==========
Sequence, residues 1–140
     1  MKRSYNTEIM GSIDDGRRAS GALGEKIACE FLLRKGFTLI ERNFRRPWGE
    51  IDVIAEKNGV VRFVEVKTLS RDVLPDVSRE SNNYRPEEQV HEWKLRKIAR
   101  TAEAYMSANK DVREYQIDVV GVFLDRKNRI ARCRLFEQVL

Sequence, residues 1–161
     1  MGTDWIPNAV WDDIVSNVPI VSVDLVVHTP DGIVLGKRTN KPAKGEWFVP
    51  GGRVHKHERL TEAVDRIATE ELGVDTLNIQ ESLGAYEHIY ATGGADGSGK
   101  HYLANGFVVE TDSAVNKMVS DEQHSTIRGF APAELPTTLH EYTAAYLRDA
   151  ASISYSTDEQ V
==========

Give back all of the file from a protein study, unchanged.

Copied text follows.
Sequence, residues 1–140
     1  MKRSYNTEIM GSIDDGRRAS GALGEKIACE FLLRKGFTLI ERNFRRPWGE
    51  IDVIAEKNGV VRFVEVKTLS RDVLPDVSRE SNNYRPEEQV HEWKLRKIAR
   101  TAEAYMSANK DVREYQIDVV GVFLDRKNRI ARCRLFEQVL

Sequence, residues 1–161
     1  MGTDWIPNAV WDDIVSNVPI VSVDLVVHTP DGIVLGKRTN KPAKGEWFVP
    51  GGRVHKHERL TEAVDRIATE ELGVDTLNIQ ESLGAYEHIY ATGGADGSGK
   101  HYLANGFVVE TDSAVNKMVS DEQHSTIRGF APAELPTTLH EYTAAYLRDA
   151  ASISYSTDEQ V